It’s graduation season and that means that lots of young people around the country are getting job advice. And these armies of young people will inevitably hear a refrain that has become all too constant in recent years: “do something you love”. But you know what – this advice is total BS. And it is helping to steer this army of young people into believing that earning an income is as easy as finding something you love.
The reality is that the economy doesn’t reward people for doing something THEY love. It rewards people who do something that OTHER people love. I wish I could run on the beach all day or travel for the rest of my life. But the problem is that no one wants to pay me to do these things because they are inherently selfish actions. They don’t add value to anyone but myself. In other words, they are actions that are not valuable to other economic participants. The things we truly love are usually much more valuable to OURSELVES than they are to OTHER people. And that’s why doing what you love is crummy financial advice.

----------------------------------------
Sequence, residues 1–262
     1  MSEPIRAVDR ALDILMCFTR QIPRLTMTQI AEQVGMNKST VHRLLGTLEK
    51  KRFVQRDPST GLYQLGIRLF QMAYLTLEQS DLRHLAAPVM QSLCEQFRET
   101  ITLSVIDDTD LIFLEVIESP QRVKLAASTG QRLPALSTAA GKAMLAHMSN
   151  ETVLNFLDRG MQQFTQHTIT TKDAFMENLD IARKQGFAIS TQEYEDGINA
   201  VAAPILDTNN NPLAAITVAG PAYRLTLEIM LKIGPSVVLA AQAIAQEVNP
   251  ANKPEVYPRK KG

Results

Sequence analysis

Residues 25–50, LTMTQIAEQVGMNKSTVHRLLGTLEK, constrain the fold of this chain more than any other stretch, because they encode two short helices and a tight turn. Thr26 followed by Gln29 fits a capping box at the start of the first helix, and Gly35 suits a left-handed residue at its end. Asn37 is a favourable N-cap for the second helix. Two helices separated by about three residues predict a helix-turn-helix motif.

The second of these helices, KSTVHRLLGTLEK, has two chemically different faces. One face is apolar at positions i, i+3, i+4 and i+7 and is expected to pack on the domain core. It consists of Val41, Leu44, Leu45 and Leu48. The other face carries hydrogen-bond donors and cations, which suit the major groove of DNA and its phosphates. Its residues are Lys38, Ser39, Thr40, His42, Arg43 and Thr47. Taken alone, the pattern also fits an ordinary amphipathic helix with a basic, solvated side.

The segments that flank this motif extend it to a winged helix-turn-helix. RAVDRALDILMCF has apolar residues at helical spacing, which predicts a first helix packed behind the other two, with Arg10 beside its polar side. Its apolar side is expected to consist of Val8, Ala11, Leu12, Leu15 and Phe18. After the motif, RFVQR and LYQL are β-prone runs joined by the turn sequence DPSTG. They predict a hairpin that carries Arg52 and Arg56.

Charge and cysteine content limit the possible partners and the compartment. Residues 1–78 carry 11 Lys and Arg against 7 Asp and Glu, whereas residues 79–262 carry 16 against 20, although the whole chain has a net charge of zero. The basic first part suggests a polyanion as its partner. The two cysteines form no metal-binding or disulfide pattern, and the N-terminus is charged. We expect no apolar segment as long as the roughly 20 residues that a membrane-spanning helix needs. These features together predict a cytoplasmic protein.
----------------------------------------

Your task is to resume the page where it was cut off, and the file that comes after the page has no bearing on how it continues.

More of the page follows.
In my book I stressed the importance of creating valuable output. I said:
“Capitalists serve themselves best when they serve others”
The best capitalists are problem solvers. They don’t just do what they love. They solve problems that other people love them for solving. These problems aren’t always glamorous or enjoyable. But few things are more enjoyable and rewarding than being showered with praise (and money) because you helped solve someone else’s problems and helped make their lives easier.
So, young people – don’t go out there and do what you love. Do something that other people will love you for doing. It might not be instantaneously rewarding or glamorous, but if you can become an important element in adding real value to other people’s lives the rewards will come with time.